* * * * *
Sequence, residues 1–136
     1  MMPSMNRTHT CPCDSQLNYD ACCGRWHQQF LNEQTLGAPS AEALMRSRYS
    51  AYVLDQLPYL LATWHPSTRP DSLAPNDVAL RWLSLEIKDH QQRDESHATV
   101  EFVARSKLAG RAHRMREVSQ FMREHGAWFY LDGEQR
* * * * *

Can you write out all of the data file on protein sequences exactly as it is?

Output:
Sequence, residues 1–136
     1  MMPSMNRTHT CPCDSQLNYD ACCGRWHQQF LNEQTLGAPS AEALMRSRYS
    51  AYVLDQLPYL LATWHPSTRP DSLAPNDVAL RWLSLEIKDH QQRDESHATV
   101  EFVARSKLAG RAHRMREVSQ FMREHGAWFY LDGEQR